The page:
As Pallant House Gallery celebrates its 40th anniversary I am returning to its current exhibition Chalk, Wood and Water.
Sussex with her distinctive chalk-cliff coastline, Weald, and the rolling lees and valleys of the ancient South Downs, is as much an idea as a place.
This beautiful, expansive, textural exhibition seeks to articulate how the Sussex landscape has inspired, and continues to inspire writers, musicians and artists lending a distinctive voice to Englishness. The exhibition charts the ways in which Sussex has been a place of creativity, exploration and retreat in the context of so many artists’ lives.
This processional show begins with Joseph Mallord William Turner (1775-1851), journeys through the 20th century and ends with the contemporary and Andy Goldsworthy (b.1956).
It is the first time that JMW Turner’s oil, Chichester Canal, has returned to the city since it was painted in 1828. On the horizon the Cathedral spire, a ship and trees are outlined against the luminous sky. The artist had strong associations with Sussex through his patron and friend the 3rd Earl of Egremont at Petworth who had invested heavily in the Chichester Canal. The canal was part of a network which drew a line through town and country connecting Portsmouth and London.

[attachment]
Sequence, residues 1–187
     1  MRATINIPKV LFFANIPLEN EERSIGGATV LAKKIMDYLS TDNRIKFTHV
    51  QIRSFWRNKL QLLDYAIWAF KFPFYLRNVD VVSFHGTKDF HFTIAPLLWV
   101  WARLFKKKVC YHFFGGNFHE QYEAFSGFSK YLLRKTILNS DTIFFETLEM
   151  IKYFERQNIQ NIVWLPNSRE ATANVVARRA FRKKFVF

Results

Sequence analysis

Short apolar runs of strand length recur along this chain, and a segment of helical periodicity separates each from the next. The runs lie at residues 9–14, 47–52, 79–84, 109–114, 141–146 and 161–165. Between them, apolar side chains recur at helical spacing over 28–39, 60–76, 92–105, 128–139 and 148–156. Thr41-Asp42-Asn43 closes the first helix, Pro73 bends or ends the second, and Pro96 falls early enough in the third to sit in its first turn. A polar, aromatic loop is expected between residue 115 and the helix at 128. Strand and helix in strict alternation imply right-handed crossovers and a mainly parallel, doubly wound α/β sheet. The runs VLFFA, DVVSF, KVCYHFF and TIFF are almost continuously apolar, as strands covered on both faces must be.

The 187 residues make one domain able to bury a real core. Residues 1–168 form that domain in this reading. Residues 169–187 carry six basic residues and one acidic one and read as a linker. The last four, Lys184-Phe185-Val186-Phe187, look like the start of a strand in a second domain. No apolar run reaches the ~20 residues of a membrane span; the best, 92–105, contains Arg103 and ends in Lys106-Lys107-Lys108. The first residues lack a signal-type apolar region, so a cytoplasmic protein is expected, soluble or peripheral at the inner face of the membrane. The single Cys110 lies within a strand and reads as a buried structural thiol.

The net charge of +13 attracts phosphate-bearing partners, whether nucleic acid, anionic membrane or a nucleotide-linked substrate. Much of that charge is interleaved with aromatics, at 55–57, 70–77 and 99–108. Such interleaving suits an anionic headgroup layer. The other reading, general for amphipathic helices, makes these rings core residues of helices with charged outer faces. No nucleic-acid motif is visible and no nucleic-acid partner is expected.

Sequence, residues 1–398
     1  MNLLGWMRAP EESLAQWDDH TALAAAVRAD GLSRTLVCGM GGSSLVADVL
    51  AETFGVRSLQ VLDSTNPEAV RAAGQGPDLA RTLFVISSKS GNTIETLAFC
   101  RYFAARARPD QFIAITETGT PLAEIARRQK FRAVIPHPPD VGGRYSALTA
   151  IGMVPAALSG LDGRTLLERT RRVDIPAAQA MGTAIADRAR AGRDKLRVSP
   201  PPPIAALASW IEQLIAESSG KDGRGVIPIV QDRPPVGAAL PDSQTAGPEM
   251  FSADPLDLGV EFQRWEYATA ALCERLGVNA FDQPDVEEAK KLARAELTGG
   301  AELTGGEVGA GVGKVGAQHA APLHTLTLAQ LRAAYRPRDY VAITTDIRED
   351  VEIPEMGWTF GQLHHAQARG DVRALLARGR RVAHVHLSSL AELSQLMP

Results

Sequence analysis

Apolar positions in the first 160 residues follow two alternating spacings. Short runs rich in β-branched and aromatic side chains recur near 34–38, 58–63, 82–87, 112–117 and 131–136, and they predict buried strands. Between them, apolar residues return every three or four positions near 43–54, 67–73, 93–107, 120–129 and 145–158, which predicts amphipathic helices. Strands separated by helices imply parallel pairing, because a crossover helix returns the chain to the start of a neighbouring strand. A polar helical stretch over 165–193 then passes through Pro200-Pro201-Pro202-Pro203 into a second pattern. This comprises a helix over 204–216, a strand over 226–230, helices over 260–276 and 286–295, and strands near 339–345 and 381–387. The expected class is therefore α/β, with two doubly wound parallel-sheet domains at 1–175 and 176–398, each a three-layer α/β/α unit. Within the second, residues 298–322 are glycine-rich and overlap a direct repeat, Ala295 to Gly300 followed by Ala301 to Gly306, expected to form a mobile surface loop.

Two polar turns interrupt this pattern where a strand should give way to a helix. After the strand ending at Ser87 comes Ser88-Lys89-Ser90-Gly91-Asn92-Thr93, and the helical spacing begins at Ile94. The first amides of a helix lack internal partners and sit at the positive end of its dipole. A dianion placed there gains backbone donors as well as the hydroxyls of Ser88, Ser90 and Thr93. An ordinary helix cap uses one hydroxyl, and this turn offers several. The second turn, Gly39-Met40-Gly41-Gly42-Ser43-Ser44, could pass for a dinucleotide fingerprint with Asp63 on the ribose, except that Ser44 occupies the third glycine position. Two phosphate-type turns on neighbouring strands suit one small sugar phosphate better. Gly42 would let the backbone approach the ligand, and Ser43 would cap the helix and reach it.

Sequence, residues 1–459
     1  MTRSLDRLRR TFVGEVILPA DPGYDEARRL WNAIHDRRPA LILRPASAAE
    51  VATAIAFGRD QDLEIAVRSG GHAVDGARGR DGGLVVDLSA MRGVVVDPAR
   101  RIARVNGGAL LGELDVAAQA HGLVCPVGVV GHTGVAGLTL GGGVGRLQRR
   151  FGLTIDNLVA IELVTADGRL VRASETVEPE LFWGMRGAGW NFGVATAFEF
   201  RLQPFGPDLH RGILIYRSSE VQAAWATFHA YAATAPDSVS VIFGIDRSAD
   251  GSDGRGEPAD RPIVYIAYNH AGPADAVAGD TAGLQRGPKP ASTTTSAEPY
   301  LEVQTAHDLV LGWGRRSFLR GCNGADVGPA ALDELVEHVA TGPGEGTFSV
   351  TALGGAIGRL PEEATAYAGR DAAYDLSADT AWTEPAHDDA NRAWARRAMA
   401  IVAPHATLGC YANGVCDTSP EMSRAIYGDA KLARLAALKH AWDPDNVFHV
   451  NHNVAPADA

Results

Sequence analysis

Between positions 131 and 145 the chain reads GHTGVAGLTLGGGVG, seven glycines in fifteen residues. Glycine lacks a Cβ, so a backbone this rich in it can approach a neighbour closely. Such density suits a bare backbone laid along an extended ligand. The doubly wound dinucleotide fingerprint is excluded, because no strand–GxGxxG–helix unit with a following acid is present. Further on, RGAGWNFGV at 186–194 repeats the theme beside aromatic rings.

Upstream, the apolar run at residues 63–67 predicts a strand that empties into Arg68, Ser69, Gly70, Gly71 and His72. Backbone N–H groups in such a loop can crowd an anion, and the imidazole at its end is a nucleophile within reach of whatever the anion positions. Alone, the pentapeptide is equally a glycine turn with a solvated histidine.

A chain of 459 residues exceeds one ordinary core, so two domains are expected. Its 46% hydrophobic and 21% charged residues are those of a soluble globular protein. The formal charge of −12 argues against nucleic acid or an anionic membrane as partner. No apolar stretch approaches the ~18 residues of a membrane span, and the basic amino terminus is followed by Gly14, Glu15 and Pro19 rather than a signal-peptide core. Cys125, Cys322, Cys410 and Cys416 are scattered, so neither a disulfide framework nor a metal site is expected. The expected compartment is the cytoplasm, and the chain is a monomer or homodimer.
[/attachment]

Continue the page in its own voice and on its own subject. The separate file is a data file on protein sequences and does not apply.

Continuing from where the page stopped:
Turner embraced a new vocabulary in his art to describe his modern age. It is easy to forget that it was a vocabulary which many of his contemporaries found shocking.
The contemporary artist Andy Goldsworthy was commissioned by Pallant House Gallery to produce the work Chalk in 2002. This fabulous installation was made from locally quarried chalk. The naturally weathered grey outer surface has been etched by the artist using a flint to reveal the white chalk beneath. Speaking about the sculpture Andy Goldsworthy said ‘Dig a hole up North and its black and stony and earthy. So to dig a hole in Sussex and to find chalk so absolutely pristine and pure and white…was like finding the sky in the ground.’
For me the luminous, pure white line in Andy Goldsworthy’s Chalk has an invitational quality to it reminiscent of being a pilgrim in the Sussex landscape, processional like this exhibition and life.
These two works capture in very different ways what is at the heart of this exceptional exhibition – the inspiration Sussex and her landscape has given and continues to give to so many of our nation’s leading artists.
Sussex Landscape – Chalk, Wood and Water runs at Pallant House Gallery Chichester until 23rd April 2023.